The most primitive swimwear in earlier civilizations meant you stripped down to your birthday suit. In the Middle Ages, one of the seven agilities that knights must prove was swimming with armor. This, like most swimming at the times, was performed in the nude.
Because swimming was done in a state of "undress," it was less and less popular as societies became more conservative heading into the early modern period. Swimming was then considered an activity engaged in by persons of questionable morality. Unless you had legitimate health reasons for seeking a cooling and refreshing dip into the sea, swimming was a no-no. Beach vacations were almost unheard of before the mid-to-late 1800s. Prior to that, the ocean was a scary thing that invoked both fear and anxiety—not relaxation.
Bathing dress, Harper’s Magazine, 1858
Much of the original swimwear, notably that of the Victorian era, was heavy and cumbersome, and likely dangerous when wet. While we may gasp at some of the attire found at today’s beaches, it’s safe to say that the bathing costumes and beach practices of recent history may have you scratching your head just a bit.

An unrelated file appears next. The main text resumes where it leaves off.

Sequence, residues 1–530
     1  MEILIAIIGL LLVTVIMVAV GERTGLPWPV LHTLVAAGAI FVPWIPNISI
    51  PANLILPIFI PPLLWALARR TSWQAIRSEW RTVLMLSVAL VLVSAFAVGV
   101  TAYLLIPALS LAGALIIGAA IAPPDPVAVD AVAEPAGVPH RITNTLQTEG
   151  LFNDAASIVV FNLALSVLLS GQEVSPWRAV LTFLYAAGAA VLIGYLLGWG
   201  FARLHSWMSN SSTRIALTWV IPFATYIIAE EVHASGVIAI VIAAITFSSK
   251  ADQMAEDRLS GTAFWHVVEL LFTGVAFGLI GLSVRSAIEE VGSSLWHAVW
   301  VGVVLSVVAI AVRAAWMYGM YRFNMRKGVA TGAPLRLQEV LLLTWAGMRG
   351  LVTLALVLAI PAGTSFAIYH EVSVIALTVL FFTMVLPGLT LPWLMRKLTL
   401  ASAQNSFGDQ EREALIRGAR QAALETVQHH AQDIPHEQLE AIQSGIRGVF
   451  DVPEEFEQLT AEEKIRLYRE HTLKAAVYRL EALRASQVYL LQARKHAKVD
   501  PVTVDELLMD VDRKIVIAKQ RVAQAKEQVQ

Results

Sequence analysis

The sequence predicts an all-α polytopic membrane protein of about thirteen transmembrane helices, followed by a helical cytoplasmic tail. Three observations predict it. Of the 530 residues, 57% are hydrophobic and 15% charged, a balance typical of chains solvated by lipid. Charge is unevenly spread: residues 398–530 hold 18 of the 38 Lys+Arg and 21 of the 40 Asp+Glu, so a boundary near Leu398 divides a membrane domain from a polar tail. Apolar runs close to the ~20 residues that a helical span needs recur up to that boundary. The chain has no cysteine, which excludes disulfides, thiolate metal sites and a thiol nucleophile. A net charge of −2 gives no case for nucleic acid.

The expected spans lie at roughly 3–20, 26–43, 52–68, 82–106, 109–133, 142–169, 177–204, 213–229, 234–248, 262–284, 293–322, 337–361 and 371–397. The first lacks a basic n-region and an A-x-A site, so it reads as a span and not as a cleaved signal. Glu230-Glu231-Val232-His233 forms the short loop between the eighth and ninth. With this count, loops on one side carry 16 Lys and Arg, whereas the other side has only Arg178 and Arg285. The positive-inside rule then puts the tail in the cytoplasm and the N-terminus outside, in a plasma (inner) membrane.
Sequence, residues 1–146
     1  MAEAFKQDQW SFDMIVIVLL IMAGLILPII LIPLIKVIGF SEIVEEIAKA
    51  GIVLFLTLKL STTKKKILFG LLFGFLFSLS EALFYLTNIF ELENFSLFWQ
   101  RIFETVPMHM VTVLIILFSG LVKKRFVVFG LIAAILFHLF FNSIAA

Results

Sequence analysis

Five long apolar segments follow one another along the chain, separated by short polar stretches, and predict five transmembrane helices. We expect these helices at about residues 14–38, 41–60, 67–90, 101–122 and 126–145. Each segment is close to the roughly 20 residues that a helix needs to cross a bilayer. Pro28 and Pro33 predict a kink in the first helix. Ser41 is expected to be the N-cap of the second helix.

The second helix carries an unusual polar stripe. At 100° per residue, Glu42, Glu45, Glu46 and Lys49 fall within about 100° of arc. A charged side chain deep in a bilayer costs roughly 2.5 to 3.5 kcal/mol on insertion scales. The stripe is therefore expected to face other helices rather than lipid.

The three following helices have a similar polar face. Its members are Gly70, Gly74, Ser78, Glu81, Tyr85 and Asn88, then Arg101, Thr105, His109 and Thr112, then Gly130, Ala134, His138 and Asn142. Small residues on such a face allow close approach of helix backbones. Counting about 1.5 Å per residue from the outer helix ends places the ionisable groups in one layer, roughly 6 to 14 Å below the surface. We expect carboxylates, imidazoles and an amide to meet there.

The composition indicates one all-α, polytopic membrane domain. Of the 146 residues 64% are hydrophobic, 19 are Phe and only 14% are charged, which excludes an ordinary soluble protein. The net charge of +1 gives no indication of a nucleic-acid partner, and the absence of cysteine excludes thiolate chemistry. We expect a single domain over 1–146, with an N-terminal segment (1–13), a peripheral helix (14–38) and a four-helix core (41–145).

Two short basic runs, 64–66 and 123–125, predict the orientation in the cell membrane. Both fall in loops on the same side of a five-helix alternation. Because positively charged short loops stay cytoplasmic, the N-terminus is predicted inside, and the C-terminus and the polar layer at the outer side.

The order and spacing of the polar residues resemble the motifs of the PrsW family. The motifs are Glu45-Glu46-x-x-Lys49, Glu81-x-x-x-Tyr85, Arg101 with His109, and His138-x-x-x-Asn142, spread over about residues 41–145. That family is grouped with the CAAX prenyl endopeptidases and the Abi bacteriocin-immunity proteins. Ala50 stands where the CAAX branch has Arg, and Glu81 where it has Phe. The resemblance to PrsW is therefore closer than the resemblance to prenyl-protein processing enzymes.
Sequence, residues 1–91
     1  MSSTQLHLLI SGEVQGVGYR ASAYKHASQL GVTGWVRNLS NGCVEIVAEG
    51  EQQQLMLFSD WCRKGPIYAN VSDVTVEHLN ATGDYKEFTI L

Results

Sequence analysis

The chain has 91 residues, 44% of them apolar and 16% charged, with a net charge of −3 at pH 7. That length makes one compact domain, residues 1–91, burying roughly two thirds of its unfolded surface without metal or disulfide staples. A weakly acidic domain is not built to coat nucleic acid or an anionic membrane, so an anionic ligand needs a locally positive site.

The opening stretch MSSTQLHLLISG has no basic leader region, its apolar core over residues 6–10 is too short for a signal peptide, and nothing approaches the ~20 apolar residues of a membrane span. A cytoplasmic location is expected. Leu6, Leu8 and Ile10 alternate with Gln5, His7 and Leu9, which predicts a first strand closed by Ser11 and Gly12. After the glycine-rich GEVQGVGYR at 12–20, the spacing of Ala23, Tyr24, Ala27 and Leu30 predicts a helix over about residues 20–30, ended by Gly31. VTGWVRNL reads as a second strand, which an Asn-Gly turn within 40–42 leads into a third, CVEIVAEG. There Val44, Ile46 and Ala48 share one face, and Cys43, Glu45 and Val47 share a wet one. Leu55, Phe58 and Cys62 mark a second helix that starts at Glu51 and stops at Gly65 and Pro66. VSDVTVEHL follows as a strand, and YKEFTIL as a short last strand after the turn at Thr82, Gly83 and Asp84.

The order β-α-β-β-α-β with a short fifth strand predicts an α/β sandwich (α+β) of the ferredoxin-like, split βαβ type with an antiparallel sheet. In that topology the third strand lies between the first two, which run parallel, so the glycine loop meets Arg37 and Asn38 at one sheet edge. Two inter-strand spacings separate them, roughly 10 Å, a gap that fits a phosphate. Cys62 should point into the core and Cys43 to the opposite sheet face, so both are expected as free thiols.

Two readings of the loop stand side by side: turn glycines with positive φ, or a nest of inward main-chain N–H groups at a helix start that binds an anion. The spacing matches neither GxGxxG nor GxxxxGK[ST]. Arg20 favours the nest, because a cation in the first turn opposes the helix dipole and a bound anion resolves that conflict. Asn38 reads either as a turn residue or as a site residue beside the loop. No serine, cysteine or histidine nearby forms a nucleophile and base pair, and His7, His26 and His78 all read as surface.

The picture above by photographer Wilhelm Dreesen, is possibly the earliest known photograph of a bathing suit. The unknown woman is seen exiting what were then known as ‘bathing machines’—curtained or wooden carts parked into the water, and used for changing from regular clothing into beachwear.
According to the Library of Congress, in 1922, Col. Sherrell, Superintendent of Public Buildings and Grounds issued an order that bathing suits at the Washington bathing beach must not be over six inches from the top of the knee. Bill Norton, dubbed the "bathing beach policeman" is shown taking some measurements in Washington, DC.
Hoquiam, Washington was built on lumber. During the first quarter of the 20th century, Grays Harbor was considered the biggest lumber-producing and lumber-shipping region in the world. So it seemed perfectly natural (to somebody) that they should begin making bathing suits out of all that lumber to promote the wood industry to the world. “Wood Week” was born in 1929, and with it, the Spruce Girls, sporting the suits made from wood veneer sheets. Sure, they may have looked rather stylish at the time, but doesn’t it warp?
These two fine ladies, photographed by William M Vander Weyde at Atlantic beach in 1905, were not about to have their decent morality questioned, they didn’t care how hot it was!
This article appeared in the Glassing Magazine September 2017 issue.